Oregon recognizes four levels – or degrees – of assault. A person is guilty of assault in the fourth degree – the least serious assault offense under Oregon law – if they:
A reckless act is one that is deliberately committed without regard for the outcome. Pushing someone out of the way in a crowd so that you can get through, without intending to injure the person, could be an assault if the person falls and is injured.
A criminally negligent act is one that is not intentional but that occurs because the actor fails to exercise reasonable care in a situation where there is a substantial risk of harm to others. The negligence must constitute a "gross deviation from the standard of care that a reasonable person would observe in the situation." (Or. Rev. Stat. §161.085(10).) An accidental shooting can be a negligent assault if it results from a person being particularly careless when handling or firing a gun.
The physical injury involved in assault in the fourth degree must be a minor injury like a cut, scrape or bruise. Injury such as a broken bone, disfigurement, loss of a limb, or requiring surgery or hospitalization is a "serious physical injury." If the offender causes this kind of injury, the crime is a more serious, felony assault.
For information on felony assault, see Assault in the Second and Third Degree in Oregon and Assault in the First Degree in Oregon.
A deadly weapon is an object that by definition is capable of causing death or serious physical injury. Examples of deadly weapons include a firearm, large hunting knife, and brass knuckles.
A dangerous weapon is an object that may not normally be a weapon but is used or threatened or attempted to be used in a way that it could readily cause death or serious physical injury. A rope used to strangle someone, a metal pipe used to strike or attempt to strike someone, and a vehicle driven by a reckless or intoxicated driver that strikes a pedestrian are all dangerous weapons because of the manner in which they were used.
Assault in the fourth degree in Oregon is a Class A misdemeanor except for certain circumstances.
Assault in the fourth degree is a Class C felony if:
An assault involves domestic violence if the offender and victim are family or household members – such as spouses or former spouses, adults related by blood or marriage, persons who have a child together, persons who live or have lived together or who are engaged or were engaged in a sexually intimate relationship. Read more about Oregon's domestic violence laws.
A person convicted of a Class A misdemeanor in Oregon can be sentenced to up to one year in jail or a fine up to $6,250, or both.
A person convicted of a Class C felony can be sentenced to up to five years in prison or a fine up to $125,000, or both.
A person convicted of assault in the fourth degree in Oregon must pay restitution, which involves reimbursing the victim for any expenses resulting from the crime, such as the cost of medical treatment or counseling or repair or replacement of damaged property. Unless the victim agrees to accept a lesser amount, the person convicted must pay the entire amount of expenses and losses that the victim incurred.
There are several alternatives to jail or prison available to a person charged with or convicted of fourth degree assault in Oregon.
An assault charge can be dismissed if the defendant and the victim agree, with the judge's approval, that the matter has been resolved through some other means, such as a letter of apology or reimbursement for expenses incurred by the victim. The court also must consider the district attorney or prosecutor's position on the proposed agreement, though the court can allow a civil compromise over the district attorney's objection.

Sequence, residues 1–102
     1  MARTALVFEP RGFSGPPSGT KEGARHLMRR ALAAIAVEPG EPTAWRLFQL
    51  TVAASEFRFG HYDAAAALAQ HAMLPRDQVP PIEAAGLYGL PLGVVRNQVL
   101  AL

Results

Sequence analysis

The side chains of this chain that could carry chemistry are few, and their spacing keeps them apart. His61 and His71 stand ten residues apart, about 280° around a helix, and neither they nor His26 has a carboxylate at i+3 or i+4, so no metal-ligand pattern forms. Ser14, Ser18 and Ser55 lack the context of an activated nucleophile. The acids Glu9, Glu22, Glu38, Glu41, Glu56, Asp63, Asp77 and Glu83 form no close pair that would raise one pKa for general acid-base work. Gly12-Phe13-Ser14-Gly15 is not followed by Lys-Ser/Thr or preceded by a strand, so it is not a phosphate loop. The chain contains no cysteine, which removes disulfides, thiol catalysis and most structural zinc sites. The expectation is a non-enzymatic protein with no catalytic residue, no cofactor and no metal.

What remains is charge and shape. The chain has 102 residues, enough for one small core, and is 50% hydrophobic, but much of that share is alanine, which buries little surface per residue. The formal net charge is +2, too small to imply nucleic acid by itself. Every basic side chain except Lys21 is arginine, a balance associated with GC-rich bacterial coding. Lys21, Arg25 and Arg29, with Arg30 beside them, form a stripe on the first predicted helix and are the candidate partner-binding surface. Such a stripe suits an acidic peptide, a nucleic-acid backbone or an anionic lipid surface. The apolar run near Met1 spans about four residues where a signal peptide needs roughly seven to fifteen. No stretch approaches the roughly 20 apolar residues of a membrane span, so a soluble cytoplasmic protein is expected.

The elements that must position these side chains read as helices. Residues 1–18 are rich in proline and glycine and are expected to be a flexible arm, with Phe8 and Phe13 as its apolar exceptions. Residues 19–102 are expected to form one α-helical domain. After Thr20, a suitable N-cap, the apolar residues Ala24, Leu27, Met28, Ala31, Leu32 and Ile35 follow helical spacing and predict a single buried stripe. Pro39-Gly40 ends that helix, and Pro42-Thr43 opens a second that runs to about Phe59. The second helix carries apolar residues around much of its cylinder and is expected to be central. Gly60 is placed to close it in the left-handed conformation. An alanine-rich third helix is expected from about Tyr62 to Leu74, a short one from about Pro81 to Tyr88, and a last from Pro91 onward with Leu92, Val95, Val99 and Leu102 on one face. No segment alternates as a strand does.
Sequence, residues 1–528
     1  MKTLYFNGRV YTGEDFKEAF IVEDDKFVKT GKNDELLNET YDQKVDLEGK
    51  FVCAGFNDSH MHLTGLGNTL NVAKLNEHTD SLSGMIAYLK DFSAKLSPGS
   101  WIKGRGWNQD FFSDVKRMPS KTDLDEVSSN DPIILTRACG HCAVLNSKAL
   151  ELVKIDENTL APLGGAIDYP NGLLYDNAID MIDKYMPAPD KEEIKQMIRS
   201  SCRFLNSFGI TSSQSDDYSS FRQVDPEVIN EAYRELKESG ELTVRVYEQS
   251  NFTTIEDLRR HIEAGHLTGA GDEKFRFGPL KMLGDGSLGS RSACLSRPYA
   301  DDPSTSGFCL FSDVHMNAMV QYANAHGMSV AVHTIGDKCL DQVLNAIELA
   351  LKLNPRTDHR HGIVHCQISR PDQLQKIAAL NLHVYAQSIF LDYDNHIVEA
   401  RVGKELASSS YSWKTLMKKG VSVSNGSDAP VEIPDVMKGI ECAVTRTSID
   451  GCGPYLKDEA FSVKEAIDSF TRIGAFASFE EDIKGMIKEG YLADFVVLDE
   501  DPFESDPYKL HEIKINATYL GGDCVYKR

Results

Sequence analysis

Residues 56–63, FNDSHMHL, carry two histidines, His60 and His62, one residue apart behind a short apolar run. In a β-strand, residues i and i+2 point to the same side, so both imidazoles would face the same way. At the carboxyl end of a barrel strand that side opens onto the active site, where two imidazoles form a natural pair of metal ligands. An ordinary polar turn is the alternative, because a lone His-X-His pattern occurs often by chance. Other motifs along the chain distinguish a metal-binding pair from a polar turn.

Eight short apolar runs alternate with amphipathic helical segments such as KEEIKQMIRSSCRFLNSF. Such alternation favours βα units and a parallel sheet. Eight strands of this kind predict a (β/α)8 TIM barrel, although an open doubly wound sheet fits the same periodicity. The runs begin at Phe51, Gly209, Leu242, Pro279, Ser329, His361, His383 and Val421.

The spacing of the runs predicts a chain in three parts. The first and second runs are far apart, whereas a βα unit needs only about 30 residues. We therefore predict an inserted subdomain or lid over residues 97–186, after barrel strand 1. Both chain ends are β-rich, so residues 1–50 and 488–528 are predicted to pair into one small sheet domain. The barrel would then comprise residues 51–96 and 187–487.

After the defendant is convicted or pleads guilty to an assault charge, the court can grant a deferred sentence. This means that the court postpones sentencing for a period of time on the condition that the defendant comply with certain requirements, such as no new arrests or criminal offenses during the conditional period, psychological treatment, or volunteer work in the community. The court also may require the defendant to be on supervised probation. If the defendant satisfies all the court's requirements, the charge will be dismissed at the end of the period. The arrest and dismissal will be part of the defendant's criminal record. If the defendant fails to satisfy the court's requirements, the court will impose a sentence and enter a conviction.
If the court suspends a sentence, the court imposes a jail or prison sentence but allows the defendant to serve all or a portion of the time on probation rather than in jail or prison. The defendant must successfully complete probation and any other conditions the court imposes or he will be required to complete the sentence in jail or prison. A person on supervised probation must meet with a probation officer and comply with conditions such as treatment, maintaining employment, curfews, drug tests, and avoiding any further criminal activity or arrests.
A conviction for assault becomes part of your permanent criminal record. If you are convicted later of another crime, the court can consider your prior conviction and impose a harsher sentence in the new case. A conviction for a violent crime – even a misdemeanor – can hurt you when you are looking for a job or applying to rent a house or apartment. An experienced attorney can determine whether you have any grounds for dismissal of the charges against you, explore plea options or represent you at trial.
Only someone familiar with the local criminal court system and cases like yours will know how good your chances are for a favorable outcome in court or at the negotiating table. A knowledgeable attorney will take all of this into consideration, assist you in making decisions about your case, and protect your rights.